Unfortunately, Randy did not give the correct answer, which would have been "naggers."
The answer he did give prompted the dumbfounded looks that have become a trademark of the series. It also served as a springboard for a devastating assault on political correctness and the culture of offense, apology, victimization and demonization.
But should kids watch it?
Years ago, I refused to allow my nephew and niece to watch the South Park movie, despite the fact that I owned a copy and considered it a brilliant treatise on censorship and a powerful admonition aimed at parents who refuse to take responsibility for their children, instead finding blame in government, movies, television, society and Canada.
Their mom let them watch the movie anyway. And the kids lived. And I think part of it had to do with the fact that their mom was there. They were able to talk about what they saw. Personally, I think they were too young at the time (they were pre-teens). I'd have waited until they were teenagers. But that wasn't my call.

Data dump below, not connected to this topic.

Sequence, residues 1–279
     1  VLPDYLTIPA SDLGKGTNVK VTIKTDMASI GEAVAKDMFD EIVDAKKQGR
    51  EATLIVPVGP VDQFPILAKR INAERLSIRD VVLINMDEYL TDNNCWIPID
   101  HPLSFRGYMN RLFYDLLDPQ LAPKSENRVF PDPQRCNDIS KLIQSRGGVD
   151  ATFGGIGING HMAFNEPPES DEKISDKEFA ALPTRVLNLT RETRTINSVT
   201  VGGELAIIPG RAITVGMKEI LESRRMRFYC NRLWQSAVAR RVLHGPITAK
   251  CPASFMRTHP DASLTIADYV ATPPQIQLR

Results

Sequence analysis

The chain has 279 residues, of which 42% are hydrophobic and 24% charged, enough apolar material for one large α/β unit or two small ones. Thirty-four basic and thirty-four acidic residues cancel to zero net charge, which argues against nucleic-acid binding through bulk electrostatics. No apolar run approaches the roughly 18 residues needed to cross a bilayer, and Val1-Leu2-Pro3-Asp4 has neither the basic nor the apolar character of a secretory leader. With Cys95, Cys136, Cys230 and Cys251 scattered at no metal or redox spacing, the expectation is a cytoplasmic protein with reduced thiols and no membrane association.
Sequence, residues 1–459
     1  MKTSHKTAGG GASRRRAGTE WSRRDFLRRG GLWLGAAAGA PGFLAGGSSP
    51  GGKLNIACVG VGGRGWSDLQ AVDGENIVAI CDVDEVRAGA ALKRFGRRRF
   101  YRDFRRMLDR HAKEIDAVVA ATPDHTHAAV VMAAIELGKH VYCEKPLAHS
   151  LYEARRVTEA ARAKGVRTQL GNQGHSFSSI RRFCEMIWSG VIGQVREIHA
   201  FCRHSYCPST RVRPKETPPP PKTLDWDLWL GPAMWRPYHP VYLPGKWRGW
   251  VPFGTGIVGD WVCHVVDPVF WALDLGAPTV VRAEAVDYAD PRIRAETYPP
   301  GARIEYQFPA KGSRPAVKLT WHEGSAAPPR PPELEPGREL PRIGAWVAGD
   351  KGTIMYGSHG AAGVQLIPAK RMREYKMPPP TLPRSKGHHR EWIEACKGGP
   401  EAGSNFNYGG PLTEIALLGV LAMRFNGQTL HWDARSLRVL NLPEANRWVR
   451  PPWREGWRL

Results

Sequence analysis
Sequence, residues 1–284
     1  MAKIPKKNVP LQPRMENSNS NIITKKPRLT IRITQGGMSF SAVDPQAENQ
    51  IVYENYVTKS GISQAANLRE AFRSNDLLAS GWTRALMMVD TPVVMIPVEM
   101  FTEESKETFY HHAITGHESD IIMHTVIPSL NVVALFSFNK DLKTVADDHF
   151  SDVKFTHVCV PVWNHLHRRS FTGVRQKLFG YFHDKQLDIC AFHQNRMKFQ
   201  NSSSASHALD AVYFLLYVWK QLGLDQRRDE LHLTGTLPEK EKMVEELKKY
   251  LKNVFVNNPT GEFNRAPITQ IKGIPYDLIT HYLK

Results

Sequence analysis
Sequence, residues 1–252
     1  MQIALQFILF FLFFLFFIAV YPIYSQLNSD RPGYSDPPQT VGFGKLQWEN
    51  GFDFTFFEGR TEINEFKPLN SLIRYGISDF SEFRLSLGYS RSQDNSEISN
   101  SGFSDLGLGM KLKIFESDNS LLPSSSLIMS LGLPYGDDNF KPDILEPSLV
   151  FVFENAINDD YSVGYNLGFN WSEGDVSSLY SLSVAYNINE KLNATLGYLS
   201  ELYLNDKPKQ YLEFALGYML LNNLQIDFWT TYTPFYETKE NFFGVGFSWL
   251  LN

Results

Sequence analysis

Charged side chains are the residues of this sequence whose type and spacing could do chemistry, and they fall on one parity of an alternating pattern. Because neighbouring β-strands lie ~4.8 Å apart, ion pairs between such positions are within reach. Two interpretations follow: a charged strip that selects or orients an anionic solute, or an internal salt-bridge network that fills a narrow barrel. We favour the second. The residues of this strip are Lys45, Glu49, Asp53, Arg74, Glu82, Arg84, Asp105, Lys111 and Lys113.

And it's not my call whether you let your kids watch it either. It's yours. And no one else's.
The point is moot in my household: I'm the only one who finds that particular brand of humor amusing, and even then it's only half the time. When it comes to this type of thing, I'm a committed member of the "if you don't like it, watch something else" camp. (Yes, you will catch me rumbling about the things that are said on certain news and commentary shows, but that's not what we're talking about here). I don't think South Park is always funny. That episode with Cartman's hand pretending to be Jennifer Lopez? Not funny. Towelie? Not funny. Tweak the caffeine addict and the Underpants Gnomes? Hysterical.
Honestly, I think we need to stop pretending that our teens and pre-teens are these innocent, fragile-eared cherubim and start recognizing that when our backs are turned, they hear everything we try to shield them from. And often, they're the ones saying these things. "Kids are not nice, innocent, flower-loving little rainbow children," co-creator Matt Stone said in a 1999 interview with the BBC. "Kids are all little bastards; they don't have any kind of social tact or etiquette."
So what does it all mean?
It means that, yes, we need to worry about what our kids are picking up from television. But more importantly, we need to be sure that we're the ones passing on the values we find important. No television show can do that for us, and if we do our jobs right, no television show can take it away.
By the way, do you like fishsticks?